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Talk about a fox guarding the hen house, the Bush administration recently nominated a lobbyist and Executive Vice President of the National Association of Manufacturers to head the Consumer Product Safety Commission (CPSC). Describing the consumer safety purposes for its existence, the CPSC:

is charged with protecting the public from unreasonable risks of serious injury or death from more than 15,000 types of consumer products under the agency’s jurisdiction. Deaths, injuries and property damage from consumer product incidents cost the nation more than $700 billion annually. The CPSC is committed to protecting consumers and families from products that pose a fire, electrical, chemical, or mechanical hazard or can injure children. The CPSC’s work to ensure the safety of consumer products – such as toys, cribs, power tools, cigarette lighters, and household chemicals – contributed significantly to the 30 percent decline in the rate of deaths and injuries associated with consumer products over the past 30 years.

On the other hand, according to the National Association of Manufacturers:

The NAM’s mission is to advocate on behalf of its members to enhance the competitiveness of manufacturers by shaping a legislative and regulatory environment conducive to U.S. economic growth and to increase understanding among policymakers, the media and the general public about the vital role of manufacturing in America’s economic and national security for today and in the future.

• The NAM is the leading advocate of a pro-growth, pro-manufacturing agenda.
• The NAM is a partner in reinforcing the legislative and regulatory activities of its member firms.
• The NAM is a primary source for information on manufacturers’ contributions to innovation and productivity.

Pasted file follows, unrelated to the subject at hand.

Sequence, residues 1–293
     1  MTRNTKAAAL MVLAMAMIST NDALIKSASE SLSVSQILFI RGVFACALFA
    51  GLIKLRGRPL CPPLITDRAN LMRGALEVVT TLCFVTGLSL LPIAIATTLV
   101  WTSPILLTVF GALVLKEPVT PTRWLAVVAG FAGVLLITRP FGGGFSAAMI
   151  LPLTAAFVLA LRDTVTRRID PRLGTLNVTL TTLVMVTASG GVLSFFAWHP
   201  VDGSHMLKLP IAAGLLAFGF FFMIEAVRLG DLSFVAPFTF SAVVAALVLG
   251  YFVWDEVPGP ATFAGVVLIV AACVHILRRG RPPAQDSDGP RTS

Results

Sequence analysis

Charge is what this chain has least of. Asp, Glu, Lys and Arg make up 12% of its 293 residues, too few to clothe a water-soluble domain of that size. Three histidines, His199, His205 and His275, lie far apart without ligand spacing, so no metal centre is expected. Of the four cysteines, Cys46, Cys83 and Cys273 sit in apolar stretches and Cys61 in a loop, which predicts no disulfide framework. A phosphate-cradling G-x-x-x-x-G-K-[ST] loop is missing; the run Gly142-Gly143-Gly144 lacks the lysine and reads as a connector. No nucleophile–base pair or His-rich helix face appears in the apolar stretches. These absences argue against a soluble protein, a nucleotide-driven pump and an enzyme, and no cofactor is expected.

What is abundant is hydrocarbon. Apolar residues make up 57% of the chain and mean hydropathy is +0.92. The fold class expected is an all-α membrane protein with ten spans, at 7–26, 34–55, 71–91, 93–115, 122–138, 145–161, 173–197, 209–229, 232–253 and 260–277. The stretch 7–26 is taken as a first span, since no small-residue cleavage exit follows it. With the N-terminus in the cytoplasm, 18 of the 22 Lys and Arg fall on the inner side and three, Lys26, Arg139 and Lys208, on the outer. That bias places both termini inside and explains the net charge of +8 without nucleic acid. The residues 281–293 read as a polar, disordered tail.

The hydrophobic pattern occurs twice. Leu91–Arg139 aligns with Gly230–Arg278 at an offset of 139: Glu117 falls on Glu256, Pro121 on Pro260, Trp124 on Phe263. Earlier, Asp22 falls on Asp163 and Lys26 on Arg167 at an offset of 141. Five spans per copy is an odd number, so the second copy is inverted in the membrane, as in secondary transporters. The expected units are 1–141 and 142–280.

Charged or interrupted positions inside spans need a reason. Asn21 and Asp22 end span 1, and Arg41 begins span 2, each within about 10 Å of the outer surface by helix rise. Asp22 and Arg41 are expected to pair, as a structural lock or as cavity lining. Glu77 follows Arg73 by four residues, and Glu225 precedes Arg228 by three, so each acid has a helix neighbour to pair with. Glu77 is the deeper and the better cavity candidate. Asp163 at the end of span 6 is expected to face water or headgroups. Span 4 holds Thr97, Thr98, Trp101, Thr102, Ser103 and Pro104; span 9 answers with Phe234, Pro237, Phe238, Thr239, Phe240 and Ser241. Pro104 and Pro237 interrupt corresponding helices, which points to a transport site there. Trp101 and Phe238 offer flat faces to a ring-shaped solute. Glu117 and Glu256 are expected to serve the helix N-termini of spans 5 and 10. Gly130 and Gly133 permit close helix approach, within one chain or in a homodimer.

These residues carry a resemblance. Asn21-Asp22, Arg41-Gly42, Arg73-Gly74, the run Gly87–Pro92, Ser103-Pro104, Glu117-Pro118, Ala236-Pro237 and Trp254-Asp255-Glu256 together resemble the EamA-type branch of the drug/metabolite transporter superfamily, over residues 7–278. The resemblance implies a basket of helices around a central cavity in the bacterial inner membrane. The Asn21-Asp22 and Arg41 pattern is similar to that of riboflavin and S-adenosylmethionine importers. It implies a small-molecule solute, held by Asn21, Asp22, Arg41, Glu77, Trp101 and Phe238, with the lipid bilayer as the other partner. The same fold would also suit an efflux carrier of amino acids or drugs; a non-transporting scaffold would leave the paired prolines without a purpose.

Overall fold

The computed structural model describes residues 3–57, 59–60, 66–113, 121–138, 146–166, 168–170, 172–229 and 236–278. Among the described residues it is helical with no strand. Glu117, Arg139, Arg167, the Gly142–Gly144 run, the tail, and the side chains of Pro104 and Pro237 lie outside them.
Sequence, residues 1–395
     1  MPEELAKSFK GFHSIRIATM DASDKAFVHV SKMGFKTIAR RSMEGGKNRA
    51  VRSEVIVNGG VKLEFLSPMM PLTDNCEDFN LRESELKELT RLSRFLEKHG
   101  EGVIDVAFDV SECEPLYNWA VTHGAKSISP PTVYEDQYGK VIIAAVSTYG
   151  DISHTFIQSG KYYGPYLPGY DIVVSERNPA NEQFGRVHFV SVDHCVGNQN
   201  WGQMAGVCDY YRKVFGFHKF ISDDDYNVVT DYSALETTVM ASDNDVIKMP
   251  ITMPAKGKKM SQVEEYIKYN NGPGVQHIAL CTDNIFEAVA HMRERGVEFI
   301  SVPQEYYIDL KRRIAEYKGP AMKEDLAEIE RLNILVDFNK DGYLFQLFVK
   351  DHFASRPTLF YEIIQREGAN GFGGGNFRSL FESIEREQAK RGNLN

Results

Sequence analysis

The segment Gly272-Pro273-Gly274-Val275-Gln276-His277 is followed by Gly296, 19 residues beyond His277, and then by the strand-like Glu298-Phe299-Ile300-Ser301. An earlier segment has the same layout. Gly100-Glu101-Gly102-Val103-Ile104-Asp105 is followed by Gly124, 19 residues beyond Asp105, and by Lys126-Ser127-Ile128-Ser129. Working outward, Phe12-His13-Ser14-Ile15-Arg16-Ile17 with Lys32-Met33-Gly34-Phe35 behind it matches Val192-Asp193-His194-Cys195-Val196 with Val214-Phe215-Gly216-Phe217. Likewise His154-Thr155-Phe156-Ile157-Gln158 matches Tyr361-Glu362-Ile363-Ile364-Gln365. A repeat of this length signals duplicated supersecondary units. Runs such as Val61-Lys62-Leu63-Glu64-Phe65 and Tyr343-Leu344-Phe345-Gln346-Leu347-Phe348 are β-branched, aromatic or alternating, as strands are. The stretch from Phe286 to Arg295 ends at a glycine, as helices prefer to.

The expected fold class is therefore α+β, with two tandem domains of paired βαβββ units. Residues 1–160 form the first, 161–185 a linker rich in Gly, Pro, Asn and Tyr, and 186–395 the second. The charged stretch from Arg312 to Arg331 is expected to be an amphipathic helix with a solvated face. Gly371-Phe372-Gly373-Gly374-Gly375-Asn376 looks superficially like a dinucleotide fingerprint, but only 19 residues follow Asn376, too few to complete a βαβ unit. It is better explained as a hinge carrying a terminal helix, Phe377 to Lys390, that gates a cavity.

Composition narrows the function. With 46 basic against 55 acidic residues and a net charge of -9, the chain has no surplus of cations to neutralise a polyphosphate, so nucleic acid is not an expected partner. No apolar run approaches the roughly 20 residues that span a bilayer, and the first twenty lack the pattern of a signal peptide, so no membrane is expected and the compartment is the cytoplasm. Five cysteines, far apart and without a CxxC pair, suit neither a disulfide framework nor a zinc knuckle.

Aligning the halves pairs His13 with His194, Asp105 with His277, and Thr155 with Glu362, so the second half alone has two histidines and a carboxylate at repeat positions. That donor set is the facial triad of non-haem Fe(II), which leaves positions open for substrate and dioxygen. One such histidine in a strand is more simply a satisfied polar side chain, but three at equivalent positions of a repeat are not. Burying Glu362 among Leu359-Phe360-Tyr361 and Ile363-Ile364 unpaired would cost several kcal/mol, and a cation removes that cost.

The NAM mission presents different objectives than does the CPSC. In fact, often the NAM agenda conflicts with the CPSC agenda. For example, the CPSC rules require disclosure of defective and unreasonably dangerous products so that consumers would have updated information available to them. According to the consumer group Public Citizen,

Last year, NAM and its allies successfully pressed the CPSC to weaken the sharpest enforcement tool in its arsenal – a safeguard that requires companies to disclose hazardous products – showing that a clear conflict-of-interest afflicts Baroody’s nomination.

The same group indicated that in the past, more than $18,000,000 in fines had been levied by the CPSC against NAM member organizations. According to Public Citizen, inherent problems exist by appointing a lobbyist for an organization that advocates for reduction or elimination of CPSC fines and reduction or elimination of other reporting regulations as the new head of the CPSC tasked with the responsibility for levying fines against manufacturers and requiring disclosure of safety problems and product hazards.

Do you believe that this appointment presents a problem? Can a lobbyist who advocates an agenda opposed to the CPSC be appointed to head the CPSC without concern or does this appointment present a true example of a fox guarding the hen house?

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